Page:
In the Feb. 22 incident, 20 young assailants with knives and baseball bats brutally beat an 18-year-old Arab man as they shouted obscenities and religious epithets.
"We believe this recent increase in attacks on American Muslims is a direct result of the barrage of pro-war and anti-Islam rhetoric coming from right-wing and evangelical leaders," said Hussam Ayloush, director of CAIR's Los Angeles chapter
voice indicted in jihad plot
Ex-CAIR rep with group tied to al-Qaida, attorney
also serves as lawyer for Hamas
charged in 'holy-war' plot
Accused of conspiring to train on U.S. soil for battle overseas
Posted: June 27, 2003 WorldNetDaily.com
Nine Americans were among 11 men charged today
with conspiring to train on U.S. soil for a "violent jihad" overseas.
According to an indictment issued by the federal government, the men belong
to the Islamic militant group Lashkar-e-Taiba, or "Army of the Righteous,"
which seeks to drive India out of the disputed Kashmir province, Fox News
candidates for 2004
Islamic group on nationwide tour to urge political participation
Posted: May 20, 2003 WorldNetDaily.com
A leading Islamic lobby group is on a nationwide
tour to introduce Muslims to American politics. Building an influential
voting bloc for the 2004 elections and eventually seeing Muslim candidates
on ballots for everything from city council to congressional seats are two
aims of the Virginia-based Muslim American Society, the St. Paul Pioneer
Muslim Quran be USA's top authority?
Paper stands by story citing 'mainstream' leader pushing for Islamic America
Posted: May 1, 2003 By Art Moore 2003 WorldNetDaily.com
A former newspaper reporter says she stands by
her story claiming the chairman of a leading Muslim lobby group declared
the Quran should be America's highest authority. In a press release
accusing WorldNetDaily of "demonizing Muslims," the Washington, D.C.-based
Council on American-Islamic Relations, or CAIR, denied its chairman of the
board, Omar Ahmad, made the statement and said it is seeking a retraction
from the newspaper that published the story July 4, 1998.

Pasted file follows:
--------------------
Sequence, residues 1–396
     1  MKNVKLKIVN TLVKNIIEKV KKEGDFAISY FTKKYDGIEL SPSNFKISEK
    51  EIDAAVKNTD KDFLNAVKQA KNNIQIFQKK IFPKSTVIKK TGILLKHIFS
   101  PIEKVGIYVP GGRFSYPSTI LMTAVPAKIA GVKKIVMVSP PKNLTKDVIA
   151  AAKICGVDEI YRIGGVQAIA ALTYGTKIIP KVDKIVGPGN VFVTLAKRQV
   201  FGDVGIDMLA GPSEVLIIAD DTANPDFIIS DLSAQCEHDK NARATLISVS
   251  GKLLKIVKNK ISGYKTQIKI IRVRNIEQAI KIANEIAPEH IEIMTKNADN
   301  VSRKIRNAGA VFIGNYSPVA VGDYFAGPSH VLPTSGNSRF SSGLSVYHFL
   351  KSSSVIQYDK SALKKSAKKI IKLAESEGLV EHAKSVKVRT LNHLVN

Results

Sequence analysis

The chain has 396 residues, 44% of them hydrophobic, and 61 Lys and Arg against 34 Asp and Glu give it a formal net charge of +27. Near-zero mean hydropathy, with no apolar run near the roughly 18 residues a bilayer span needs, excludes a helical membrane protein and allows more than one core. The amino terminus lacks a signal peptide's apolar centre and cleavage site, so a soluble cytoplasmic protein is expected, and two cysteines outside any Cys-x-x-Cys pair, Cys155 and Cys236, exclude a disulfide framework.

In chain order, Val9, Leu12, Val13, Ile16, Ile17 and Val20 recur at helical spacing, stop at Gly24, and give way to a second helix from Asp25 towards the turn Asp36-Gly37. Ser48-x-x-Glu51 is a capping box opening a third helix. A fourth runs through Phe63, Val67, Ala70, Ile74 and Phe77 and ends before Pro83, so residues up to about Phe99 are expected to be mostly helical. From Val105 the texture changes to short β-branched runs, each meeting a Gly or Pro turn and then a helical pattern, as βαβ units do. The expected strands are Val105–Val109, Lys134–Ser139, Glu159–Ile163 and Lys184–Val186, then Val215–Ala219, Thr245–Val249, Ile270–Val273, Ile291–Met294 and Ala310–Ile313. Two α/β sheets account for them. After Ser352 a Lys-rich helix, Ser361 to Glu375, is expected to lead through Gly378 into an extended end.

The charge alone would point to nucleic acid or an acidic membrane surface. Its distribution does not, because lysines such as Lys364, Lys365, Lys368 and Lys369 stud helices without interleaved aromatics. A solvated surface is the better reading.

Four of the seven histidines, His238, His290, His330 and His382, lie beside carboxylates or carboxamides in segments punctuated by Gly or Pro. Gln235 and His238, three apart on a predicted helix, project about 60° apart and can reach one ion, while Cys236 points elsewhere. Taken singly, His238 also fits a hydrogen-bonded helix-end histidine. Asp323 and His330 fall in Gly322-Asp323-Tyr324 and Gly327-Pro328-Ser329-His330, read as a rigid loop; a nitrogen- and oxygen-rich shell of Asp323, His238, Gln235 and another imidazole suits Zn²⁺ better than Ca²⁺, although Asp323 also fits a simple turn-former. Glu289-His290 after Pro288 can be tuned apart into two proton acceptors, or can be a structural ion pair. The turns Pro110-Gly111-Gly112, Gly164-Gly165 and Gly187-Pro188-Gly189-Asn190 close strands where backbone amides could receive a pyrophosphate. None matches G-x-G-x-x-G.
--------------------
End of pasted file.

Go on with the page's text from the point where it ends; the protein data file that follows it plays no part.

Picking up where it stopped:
official censured for 'Islamophobia'
Party official's offending e-mail thanked God Muslims not majority
Posted: April 30, 2003 By Art Moore 2003 WorldNetDaily.com
Under pressure from a controversial Muslim lobby group, a Canadian party official has been censured for his angry defense of Rev. Franklin Graham's Christian relief work in Iraq. When Stephen Leach fired off an e-mail to the Council on American-Islamic Relations' Canadian affiliate for its excoriation of Graham's plans for Iraq, he thought he was acting as a private citizen.
However, the Muslim group apparently discovered Leach's affiliation through an Internet search and turned the e-mail into a public campaign. Leach is vice president of the Progressive Conservative party's Oshawa, Ontario, riding, or district.
In his e-mail to CAIR, he called the group's recent demand Graham be barred from working in Iraq a "hate crime."
Leach wrote: "North America was not founded on Muslim principles, else, we wouldn't be the strong continent we are today. We would be a [backwoods] civilization, like many Muslim nations found in the Middle East today."
In response to concerns about his e-mail, Leach said, "This is my opinion, this is no opinion based on anybody else but my own."
But CAIR Canada issued a news release calling on party leaders to repudiate the remarks. After some negotiation, Progressive Conservative leader Joe Clark agreed last week to denounce Leach's comments, the Ottawa Citizen newspaper reported.
CAIR Canada said when it "contacted leader Joe Clark for a statement regarding the party's position on Islamophobia, his office refused to intervene, characterizing the issue as a private conflict between individuals."
Nevertheless, Clark eventually helped draft a joint statement with CAIR Canada's spokesman, Riad Saloojee, which said the remarks "were completely unacceptable and inappropriate."
A CAIR news release said Sheema Khan, chair of CAIR Canada, concluded a conversation with party officials saying she was satisfied the Progressive Conservative Party would continue to be an ally of CAIR "in the defense of the principles of multiculturalism and inclusiveness."